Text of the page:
War Affair gets half-year spell in New Zealand

Whether former Horse of the Year gets to come back and race again depends on his recovery

War Affair, the 2014 Singapore Horse of the Year, will not be seen at Kranji for at least six months, with the possibility of an eventual racing comeback hinging on his recovery process.

His connections have decided to send the classy galloper back to his country of birth, New Zealand, for a therapeutic holiday, a little like the case of champion sprinter Zac Spirit a few years ago when he was sent back to Australia to recover from a knee chip surgery and subsequently returned to win the Group 1 Lion City Cup in 2016.

Whether War Affair can soar back to such heights, let alone race again, will depend very much on the next six months in New Zealand, where Marsh and the owners, the Ong family, hope the greener space and fresher air can fix his well-documented wind issues.

The $3 million earner last raced in the Group 3 Jumbo Jet Trophy over 1,400m on Sept 10, in which he ran sixth to Countofmontecristo and has been taken off work shortly after.

The decision for the seachange came shortly afterwards.

Trainer Bruce Marsh revealed it could have been business as usual for the O'Reilly seven-year-old winner of 16 races, including 12 at Group level (five Group 1s), but the idea of a New Zealand stay was brought up more in a spirit of changing up the dreary racing routine he had been subjected at Kranji since he was a two-year-old.

"If we had to be very tough, we could have pushed on, but we felt it was time he gets a proper break from racing," said Marsh.


"Obviously, we wouldn't have gone to such lengths with a Class 5 horse. War Affair owes us nothing but we are trying this and we'll see what comes out of it.

"He will be going to New Zealand at a place which is still undecided. He will rest and play there for five to six months.

"We will monitor his progress during that time, and the plan is to race him back here if he gets better.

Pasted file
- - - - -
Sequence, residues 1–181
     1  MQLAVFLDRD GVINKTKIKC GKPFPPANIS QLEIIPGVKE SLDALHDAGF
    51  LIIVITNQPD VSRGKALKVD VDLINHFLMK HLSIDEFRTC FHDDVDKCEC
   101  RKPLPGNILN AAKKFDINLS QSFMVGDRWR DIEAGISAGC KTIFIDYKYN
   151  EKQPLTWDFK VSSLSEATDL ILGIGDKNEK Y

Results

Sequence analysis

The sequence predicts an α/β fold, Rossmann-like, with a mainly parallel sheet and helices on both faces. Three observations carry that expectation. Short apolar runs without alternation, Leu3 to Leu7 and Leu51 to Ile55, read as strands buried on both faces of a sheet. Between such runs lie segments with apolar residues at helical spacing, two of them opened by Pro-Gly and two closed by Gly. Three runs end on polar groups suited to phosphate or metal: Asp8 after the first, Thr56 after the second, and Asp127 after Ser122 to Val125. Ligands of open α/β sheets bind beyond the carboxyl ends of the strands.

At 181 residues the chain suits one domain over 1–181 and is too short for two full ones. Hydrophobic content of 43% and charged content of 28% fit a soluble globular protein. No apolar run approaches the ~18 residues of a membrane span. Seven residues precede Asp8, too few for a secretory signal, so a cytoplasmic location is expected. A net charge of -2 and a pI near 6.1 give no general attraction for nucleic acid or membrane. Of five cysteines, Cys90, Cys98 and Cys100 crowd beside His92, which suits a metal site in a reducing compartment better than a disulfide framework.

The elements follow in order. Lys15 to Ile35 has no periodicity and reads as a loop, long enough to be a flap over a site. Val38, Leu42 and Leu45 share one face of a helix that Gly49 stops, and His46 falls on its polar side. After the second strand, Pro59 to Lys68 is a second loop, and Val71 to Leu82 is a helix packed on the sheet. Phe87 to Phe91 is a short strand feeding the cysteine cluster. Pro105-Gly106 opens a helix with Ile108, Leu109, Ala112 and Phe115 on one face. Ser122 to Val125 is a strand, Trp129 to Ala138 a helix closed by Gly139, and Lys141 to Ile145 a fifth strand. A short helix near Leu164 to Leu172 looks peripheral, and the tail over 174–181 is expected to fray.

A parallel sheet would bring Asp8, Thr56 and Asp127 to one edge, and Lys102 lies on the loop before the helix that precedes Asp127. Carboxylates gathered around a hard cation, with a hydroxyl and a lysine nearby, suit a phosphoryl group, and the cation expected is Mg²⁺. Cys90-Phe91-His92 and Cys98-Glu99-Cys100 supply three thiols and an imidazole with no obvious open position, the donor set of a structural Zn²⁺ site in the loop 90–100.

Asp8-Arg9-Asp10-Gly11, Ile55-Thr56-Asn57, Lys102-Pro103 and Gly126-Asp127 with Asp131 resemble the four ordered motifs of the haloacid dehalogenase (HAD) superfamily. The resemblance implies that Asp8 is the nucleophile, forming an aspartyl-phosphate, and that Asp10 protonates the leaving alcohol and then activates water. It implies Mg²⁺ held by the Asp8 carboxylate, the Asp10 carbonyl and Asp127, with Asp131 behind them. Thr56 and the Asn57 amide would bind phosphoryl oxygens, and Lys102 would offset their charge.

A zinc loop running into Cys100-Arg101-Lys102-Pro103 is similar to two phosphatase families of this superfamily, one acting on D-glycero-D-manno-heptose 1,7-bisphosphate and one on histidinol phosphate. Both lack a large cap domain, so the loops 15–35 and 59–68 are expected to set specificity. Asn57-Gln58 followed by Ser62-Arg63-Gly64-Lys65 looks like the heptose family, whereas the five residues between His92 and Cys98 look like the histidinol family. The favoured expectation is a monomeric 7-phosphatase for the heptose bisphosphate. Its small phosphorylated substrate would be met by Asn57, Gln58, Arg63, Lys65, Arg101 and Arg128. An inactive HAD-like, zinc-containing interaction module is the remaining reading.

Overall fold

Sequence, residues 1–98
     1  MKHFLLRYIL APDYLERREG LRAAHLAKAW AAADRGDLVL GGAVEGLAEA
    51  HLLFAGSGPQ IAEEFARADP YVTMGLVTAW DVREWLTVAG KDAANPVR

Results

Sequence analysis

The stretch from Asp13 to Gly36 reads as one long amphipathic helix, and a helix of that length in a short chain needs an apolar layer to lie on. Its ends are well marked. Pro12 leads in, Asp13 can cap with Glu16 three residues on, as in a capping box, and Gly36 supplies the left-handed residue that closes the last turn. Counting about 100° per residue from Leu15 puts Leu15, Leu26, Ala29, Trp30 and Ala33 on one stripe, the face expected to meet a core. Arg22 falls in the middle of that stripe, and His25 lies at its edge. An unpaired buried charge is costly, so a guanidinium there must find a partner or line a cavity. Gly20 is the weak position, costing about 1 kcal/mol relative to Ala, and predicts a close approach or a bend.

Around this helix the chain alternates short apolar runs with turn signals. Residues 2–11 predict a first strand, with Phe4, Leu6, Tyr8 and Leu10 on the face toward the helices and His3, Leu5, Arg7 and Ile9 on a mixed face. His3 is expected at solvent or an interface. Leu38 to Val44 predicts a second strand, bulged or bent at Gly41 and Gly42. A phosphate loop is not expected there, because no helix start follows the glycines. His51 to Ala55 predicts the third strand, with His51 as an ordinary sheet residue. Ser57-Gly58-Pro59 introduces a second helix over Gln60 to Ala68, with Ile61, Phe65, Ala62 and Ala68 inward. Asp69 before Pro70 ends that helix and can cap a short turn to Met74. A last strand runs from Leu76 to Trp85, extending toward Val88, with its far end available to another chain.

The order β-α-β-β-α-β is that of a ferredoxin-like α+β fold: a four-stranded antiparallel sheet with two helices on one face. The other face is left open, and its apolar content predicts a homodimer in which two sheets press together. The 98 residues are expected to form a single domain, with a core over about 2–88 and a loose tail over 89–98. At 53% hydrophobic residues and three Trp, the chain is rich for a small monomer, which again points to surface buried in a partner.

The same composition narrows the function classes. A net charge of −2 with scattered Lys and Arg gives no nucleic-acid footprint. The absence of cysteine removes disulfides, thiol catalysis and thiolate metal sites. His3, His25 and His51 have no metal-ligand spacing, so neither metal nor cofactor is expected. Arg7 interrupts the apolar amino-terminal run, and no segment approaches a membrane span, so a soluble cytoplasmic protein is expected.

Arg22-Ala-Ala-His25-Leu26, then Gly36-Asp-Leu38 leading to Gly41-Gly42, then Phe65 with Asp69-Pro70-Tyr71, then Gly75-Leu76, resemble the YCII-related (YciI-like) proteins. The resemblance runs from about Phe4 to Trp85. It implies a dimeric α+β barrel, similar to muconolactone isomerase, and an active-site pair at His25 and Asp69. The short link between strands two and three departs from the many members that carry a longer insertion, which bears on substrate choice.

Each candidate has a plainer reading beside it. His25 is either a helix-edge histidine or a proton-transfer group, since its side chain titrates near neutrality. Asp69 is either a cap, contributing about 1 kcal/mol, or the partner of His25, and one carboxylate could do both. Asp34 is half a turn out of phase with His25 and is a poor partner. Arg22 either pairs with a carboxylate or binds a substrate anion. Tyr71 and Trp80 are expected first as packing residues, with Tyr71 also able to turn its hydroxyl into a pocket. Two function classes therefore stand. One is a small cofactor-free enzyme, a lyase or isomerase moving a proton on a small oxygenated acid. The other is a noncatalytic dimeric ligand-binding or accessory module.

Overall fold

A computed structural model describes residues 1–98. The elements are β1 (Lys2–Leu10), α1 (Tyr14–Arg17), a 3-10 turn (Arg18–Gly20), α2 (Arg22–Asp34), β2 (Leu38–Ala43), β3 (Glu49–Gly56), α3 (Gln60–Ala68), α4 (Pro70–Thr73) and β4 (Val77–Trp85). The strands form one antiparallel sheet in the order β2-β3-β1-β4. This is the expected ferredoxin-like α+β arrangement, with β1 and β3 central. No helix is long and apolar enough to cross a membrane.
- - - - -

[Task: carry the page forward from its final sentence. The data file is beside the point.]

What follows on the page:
If we had to be very tough, we could have pushed on, but we felt it was time he gets proper break from racing. Trainer Bruce Marsh, on War Affair

"As we all know, he had serious respiratory issues and had a wind op which was the first of its kind done here - it was pulled far back.

"He was never really 100 per cent over it even if he still won a Kranji Stakes A race and a Group 3 race (Saas Fee Stakes, dead-heating with Storm Troops) after the op as he then had complications with a bout of pneumonia.

"Even when he lost at his recent races, he still tried so hard, which goes to show what a great horse he is to overcome all these obstacles and still perform at the highest level."

Marsh is no expert in respiratory problem in horses, but he is hoping the bracing air of his native land might do the trick.

With the Ongs, headed by Jason Ong, Marsh's deputy, on the same page as him, he felt they stood nothing to lose.

"In New Zealand, he will enjoy the beautiful weather as it's going to be summer and he will be without a rug on. It's mentally very refreshing," he said.

"Don't forget he has been manhandled three times a day, whereas there, he will get to run around, sleep and pick some grass.

"It's totally different from here, where he was boxed up all the time, even when he went to the spelling stations (during his breaks here) where he was confined in a box or a day yard.

"He's been boxed since he was two and all he's ever done was race. It's like us going to the office seven days a week.

"Even in New Zealand, we have four seasons and racehorses who prefer dry track can rest in the winter, but there is only one season here.

"Zac Spirit did something similar two years ago and, from all accounts, he came back a better and stronger horse."

War Affair is expected to fly to New Zealand at the end of this month.